Visual Image Protection:  Can a ccheerleader outfit have enough pep in its design to be protected by copyright? According to the Sixth Circuit Court of Appeal in Varsity Brands v. Star Athletica, (August 19, 2015), the answer is “Yay!”

The challenge with any clothing, including cheerleading outfits, is that copyright doesn’t protect “useful articles.” Clothing is unquestionably useful. The exception to the rule is that there may be copyright in original design elements that “can be identified separately from, and are capable of existing independently of, the utilitarian aspects of” the cheerleading uniforms. The court looked at the designs by themselves and found they were graphic works capable of copyright protection. It then found the utilitarian aspects to be “cover the body, wick away moisture, and withstand the rigors of athletic movements.” The lower court had found there was no separability of what was useful and what was purely graphic design, saying cheerleading uniforms “without team colors, stripes, chevrons” and the like makes them unrecognizable as cheerleading uniforms. They Court of Appeal, however, found that the designs in question could be applied to any surface, and the designs in question could be removed without in any way affecting the useful features identified above.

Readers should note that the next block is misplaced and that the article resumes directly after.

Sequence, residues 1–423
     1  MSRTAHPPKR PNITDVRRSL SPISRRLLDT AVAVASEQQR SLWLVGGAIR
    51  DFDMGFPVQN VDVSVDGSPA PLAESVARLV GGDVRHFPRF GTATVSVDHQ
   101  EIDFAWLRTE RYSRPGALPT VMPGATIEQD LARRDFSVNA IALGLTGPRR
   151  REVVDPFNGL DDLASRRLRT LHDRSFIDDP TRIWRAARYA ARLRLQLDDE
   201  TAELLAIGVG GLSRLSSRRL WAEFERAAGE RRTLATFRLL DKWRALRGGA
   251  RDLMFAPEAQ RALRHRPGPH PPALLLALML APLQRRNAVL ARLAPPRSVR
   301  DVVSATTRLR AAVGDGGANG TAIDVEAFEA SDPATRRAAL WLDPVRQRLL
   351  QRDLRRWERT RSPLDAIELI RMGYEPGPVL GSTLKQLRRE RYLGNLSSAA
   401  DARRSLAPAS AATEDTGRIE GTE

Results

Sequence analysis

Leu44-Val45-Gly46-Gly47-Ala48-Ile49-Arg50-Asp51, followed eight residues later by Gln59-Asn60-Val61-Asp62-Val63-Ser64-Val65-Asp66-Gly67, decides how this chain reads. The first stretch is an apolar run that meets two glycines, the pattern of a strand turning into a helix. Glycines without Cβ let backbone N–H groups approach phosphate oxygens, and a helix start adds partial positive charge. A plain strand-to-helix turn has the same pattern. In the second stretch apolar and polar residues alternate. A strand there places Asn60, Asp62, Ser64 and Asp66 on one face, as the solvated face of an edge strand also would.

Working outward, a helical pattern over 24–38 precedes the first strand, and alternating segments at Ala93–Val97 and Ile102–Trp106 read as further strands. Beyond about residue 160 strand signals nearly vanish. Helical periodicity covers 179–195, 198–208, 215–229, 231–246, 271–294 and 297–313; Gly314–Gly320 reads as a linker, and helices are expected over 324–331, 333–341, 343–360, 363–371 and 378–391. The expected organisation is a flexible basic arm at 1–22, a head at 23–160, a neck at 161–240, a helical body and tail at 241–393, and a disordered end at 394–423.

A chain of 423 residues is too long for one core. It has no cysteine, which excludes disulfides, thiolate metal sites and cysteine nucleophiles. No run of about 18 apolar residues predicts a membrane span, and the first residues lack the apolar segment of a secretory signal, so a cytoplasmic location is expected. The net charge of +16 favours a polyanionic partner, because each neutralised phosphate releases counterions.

The issue, not satisfactorily addressed by the Varsity opinion, is that there are only so many design elements that are used for cheerleading outfits, consisting of colors, lines, stripes, and angles. And, at least for traditional ccheerleader uniforms, there are also only so many locations to put these conventional design elements, e.g., around the collar, the sleeve ends, etc. At some point it may be too difficult for conventional ccheerleader uniform designers to rally new creations.